Tens of thousands of white-collar workers in Beijing will leave
their cars in the garage for the next four days.
The move is to ease traffic congestion and improve air quality.
The "green commuter" commitment was made yesterday by a number
of industry associations, and has won wide support locally and
It was endorsed by the China association for small and
medium-sized enterprises, China Electricity Council, European
Chamber of Commerce, British Chamber of Commerce, American Chamber
of Commerce and Beijing Electronics Chamber of Commerce.
Sponsored by the US-based Environmental Defense and others, the
commitment highlights a company's responsibility for clean air.
Michael O'Sullivan, secretary-general of the European Chamber of
Commerce, said a "no-driving" proposal letter was sent to more than
500 of its members in Beijing.
"It was good to get positive feedback from the members," he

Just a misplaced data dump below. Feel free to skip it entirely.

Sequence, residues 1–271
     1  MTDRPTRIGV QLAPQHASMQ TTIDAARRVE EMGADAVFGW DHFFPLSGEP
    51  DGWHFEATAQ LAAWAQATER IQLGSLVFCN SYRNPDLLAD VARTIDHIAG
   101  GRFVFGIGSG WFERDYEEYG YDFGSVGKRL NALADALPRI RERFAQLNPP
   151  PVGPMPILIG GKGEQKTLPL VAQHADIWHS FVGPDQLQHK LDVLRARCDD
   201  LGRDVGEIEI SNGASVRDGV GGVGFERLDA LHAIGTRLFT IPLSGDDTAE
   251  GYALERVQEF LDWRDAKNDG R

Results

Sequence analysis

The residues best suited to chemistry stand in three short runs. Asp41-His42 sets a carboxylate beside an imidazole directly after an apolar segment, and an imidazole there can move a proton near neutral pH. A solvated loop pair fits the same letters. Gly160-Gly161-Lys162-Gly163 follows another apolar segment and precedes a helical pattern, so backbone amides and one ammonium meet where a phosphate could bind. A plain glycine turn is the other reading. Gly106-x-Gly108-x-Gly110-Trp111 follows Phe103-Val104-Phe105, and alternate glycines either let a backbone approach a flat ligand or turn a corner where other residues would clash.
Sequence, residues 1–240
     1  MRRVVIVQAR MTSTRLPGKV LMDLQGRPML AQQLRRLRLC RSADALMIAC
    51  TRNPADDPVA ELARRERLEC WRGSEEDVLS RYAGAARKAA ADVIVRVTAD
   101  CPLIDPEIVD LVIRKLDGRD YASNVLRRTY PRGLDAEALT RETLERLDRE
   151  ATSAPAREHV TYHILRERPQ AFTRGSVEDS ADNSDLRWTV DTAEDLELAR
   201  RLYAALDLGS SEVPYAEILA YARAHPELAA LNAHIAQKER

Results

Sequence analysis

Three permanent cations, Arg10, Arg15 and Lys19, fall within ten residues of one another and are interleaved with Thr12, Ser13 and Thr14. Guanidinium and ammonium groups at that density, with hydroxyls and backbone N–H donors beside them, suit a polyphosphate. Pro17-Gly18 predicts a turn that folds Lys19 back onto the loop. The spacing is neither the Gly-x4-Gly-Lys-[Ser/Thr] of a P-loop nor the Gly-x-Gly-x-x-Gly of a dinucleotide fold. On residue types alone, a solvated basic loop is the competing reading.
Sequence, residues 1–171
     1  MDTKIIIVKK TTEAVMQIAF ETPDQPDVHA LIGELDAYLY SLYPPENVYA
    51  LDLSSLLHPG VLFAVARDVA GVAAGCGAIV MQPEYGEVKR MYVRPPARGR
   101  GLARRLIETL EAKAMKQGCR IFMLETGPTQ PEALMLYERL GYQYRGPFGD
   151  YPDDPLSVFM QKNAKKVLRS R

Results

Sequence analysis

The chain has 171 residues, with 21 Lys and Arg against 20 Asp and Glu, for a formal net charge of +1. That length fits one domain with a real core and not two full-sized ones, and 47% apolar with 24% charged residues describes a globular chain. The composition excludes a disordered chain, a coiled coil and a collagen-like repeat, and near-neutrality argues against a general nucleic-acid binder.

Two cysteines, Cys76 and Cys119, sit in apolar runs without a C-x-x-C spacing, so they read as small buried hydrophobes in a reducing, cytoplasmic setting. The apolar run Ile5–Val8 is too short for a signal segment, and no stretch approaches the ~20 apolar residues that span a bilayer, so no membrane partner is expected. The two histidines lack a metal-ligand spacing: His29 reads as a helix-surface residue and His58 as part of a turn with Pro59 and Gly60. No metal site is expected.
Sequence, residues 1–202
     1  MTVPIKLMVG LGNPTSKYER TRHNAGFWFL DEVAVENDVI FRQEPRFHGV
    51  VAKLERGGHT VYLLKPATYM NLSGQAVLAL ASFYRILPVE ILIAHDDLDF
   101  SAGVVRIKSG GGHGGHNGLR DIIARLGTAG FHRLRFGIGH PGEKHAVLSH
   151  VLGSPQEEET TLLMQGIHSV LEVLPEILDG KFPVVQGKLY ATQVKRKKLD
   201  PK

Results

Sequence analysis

The event is considered a key way to find out to what extent air
quality is affected by the number of vehicles.
Eighty-nine car clubs in the city have launched a campaign to
encourage 1 million of its members to follow the green commuters
More than 200,000 private car owners have promised not to drive
during the four days.
Much of Beijing's pollution is caused by vehicle emissions.
has learnt a tradable emission rights policy
is to be adopted in Beijing by the end of the year.
A source from the China Beijing Equity Exchange said assessment
system is being prepared.
Du Shaozhong, deputy director of the Beijing environmental
watchdog, said controling the number of vehicles is a way to allow
the public to gauge the relationship between personal resources and
the social resources.
"If everyone wants to grab more resources and personal
convenience, what will be left for the society?" he said.
Beijing had 3.06 million registered vehicles by the end of last
month. And the city is seeing an increase of about 1,000 vehicles
The city is exposed to about 1.3 million tons of pollutants
consisting of carbon monoxide, hydrocarbons and nitrogen oxides
every year, all discharged by vehicles.
As part of efforts to cut vehicle emissions before the Olympic
Games, vehicles with odd and even license plates will alternately
be allowed on the roads for the next four days, staring from
(China Daily August 17, 2007)